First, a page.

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The Danger for British Gas

The news that British Gas is declaring annual profits of £571m for its residential business – a jump of around 500% on its 2006 figures – with an anticipated increase of 17% in dividend payouts, only a month after announcing a 15% increase in its charges for supply of gas and electricity, is astoundingly bad PR (public relations) management. Especially when the profits reflect cost-cutting exercises that cost 2,000 employees their jobs, with another 1,000 redundancies planned for the coming year.

The critical furore right across the news media, the vicious attacks from consumer interest groups and the welcome for the investigation by the energy regulator, Ofgem, could easily have been foreseen – and should have been!

Ostensibly British Gas looks like a company in ‘Aristocracy’ on the Organisation LifeCycle – arrogant, flaunting its wealth, insensitive to public perception of its actions, with a determined focus on shareholder interests and profit maximisation, rather than customer (consumer) needs

As the newspapers dig deeper, in a bid to see who can splash British Gas with the most mud, we see figures bandied about like Centrica, the owner of British Gas, declaring profits of £2bn this year while the average household energy bill has risen by 77% since 2003.

As so often, the story is much more complex than the headlines would have us believe. Points about instability in wholesale gas prices, earlier price reductions to woo customers away from competitors and the need for major investment in the country’s power infrastructure can all be found towards the bottom of the articles eviscerating British Gas. However, many readers will have broken off by then and gone onto something else, their minds made up by headlines and the first damning paragraphs.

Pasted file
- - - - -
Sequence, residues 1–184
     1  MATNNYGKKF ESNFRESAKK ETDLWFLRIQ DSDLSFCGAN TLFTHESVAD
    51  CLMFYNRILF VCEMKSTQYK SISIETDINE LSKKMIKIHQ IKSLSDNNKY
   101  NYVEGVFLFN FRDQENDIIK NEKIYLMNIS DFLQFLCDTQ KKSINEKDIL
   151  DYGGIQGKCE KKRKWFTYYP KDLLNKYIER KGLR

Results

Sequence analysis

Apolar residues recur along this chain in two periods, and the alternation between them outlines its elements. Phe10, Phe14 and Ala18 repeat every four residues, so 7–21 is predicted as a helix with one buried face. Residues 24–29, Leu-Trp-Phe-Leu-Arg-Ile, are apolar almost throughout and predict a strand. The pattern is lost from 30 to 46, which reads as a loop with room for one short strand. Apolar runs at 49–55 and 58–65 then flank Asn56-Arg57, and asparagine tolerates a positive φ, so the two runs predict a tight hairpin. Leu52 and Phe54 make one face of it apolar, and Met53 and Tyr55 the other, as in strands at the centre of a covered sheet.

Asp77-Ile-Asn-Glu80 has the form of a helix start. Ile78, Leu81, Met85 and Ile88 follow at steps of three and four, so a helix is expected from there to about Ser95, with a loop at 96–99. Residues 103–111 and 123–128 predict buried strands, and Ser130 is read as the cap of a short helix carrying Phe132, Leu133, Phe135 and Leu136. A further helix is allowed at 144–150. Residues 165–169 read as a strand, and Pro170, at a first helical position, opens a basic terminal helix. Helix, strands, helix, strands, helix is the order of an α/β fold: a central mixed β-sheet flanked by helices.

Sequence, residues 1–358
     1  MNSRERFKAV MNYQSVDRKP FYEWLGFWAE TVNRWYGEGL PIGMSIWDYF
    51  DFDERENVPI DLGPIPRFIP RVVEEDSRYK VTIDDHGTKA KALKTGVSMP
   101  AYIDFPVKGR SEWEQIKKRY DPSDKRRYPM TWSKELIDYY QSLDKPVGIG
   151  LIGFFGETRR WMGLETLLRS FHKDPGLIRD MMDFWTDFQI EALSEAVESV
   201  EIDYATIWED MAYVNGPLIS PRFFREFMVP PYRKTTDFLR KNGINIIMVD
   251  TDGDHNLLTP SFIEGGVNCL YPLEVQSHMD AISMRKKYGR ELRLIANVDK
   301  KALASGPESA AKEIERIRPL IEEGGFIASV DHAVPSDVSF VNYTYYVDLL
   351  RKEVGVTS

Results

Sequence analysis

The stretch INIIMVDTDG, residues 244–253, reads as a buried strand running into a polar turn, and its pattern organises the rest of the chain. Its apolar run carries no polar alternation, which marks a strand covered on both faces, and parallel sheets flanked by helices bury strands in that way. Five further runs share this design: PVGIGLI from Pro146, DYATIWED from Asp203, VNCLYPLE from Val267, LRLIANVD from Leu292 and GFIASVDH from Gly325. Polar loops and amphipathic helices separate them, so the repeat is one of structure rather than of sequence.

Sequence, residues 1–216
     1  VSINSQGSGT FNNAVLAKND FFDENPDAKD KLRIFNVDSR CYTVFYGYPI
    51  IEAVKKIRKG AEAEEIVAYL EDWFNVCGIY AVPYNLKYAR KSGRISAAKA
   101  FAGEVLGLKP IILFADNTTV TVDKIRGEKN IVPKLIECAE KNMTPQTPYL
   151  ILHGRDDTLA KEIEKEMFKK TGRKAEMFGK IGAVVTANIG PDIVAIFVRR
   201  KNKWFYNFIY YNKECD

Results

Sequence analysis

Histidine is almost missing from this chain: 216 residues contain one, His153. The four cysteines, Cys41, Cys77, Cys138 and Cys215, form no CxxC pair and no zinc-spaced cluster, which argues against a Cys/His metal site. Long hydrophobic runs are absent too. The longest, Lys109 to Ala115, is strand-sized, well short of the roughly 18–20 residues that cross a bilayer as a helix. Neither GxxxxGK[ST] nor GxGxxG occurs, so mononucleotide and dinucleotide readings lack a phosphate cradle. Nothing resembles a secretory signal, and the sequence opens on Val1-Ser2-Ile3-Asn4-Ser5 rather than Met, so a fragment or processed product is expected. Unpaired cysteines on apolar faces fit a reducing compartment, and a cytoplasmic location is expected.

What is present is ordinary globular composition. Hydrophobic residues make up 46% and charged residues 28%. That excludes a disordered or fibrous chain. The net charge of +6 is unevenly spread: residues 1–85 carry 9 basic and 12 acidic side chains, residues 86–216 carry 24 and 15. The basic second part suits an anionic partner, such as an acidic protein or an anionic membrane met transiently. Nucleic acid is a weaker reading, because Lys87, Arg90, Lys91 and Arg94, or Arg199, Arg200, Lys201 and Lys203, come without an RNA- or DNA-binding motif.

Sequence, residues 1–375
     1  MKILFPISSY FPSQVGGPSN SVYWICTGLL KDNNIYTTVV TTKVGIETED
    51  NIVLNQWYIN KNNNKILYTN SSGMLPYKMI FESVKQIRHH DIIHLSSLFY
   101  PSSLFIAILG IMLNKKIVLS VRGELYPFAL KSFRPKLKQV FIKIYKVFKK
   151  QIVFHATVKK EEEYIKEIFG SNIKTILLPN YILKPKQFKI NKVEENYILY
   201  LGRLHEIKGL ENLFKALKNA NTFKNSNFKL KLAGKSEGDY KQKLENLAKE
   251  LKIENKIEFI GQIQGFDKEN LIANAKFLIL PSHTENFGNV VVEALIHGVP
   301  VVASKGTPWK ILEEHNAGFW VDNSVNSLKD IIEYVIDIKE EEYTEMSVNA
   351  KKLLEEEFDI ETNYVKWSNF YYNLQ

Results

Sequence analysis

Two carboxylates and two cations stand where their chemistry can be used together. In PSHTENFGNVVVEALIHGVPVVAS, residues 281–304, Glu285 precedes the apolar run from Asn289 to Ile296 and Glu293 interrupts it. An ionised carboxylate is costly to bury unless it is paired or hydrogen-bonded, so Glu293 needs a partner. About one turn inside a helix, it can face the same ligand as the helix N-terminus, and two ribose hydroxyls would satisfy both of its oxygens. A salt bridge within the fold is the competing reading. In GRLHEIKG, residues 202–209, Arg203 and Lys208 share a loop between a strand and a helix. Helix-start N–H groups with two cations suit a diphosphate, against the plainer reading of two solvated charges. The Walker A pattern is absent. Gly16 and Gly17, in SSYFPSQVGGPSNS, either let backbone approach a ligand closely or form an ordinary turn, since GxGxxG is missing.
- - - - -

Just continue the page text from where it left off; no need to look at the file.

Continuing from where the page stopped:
British Gas have made a phenomenal PR blunder that may yet hurt them severely.

What a contrast to the days of ‘Sid’!

From Bureaucracy to Prime
Mind you, it was an era when hundreds of thousands of people who never thought they would own their own property bought their council houses (at very beneficial rates).The ORANGE vMEME was running rampant through entire sections of the government of Margaret Thatcher, raising tantalising possibilities of social and economic advancement for those individuals with the ability to catch the opportunities presented.

By the mid-1970s, British Gas, created from the Area Gas Boards set up by the 1948 nationalisation of the gas industry, was, like so much of the public sector in those days, a ‘Bureaucracy’ kept alive only by virtue of its monopoly position and reliance on public funds. Dominated largely by BLUE  thinking in a Procedures meta-programme, British Gas was unionised to the point of near control, overmanned, inefficient and despised by many outside the public sector.

The transformation of British Gas, the publicly-owned monopoly, into a highly-competitive, innovative and customer-focused organisation was by no means overnight. While the details are for another, much more-detailed study, a culture of ORANGE thinking was grown in British Gas in the late 80s and early 90s, with notice served by the 1992 Monopolies & Mergers Commission inquiry that competition was on the way. When that competition came in 1996, British Gas was ready and showed itself more than capable of taking on the challengers. Innovation, customer focus and aggressive sales strategies were major priorities for the company, with a move into electricity supply in 1998 and then telecommunications in 2000. The company had all the hallmarks of an organisation flourishing in the ‘Prime position’ in its LifeCycle.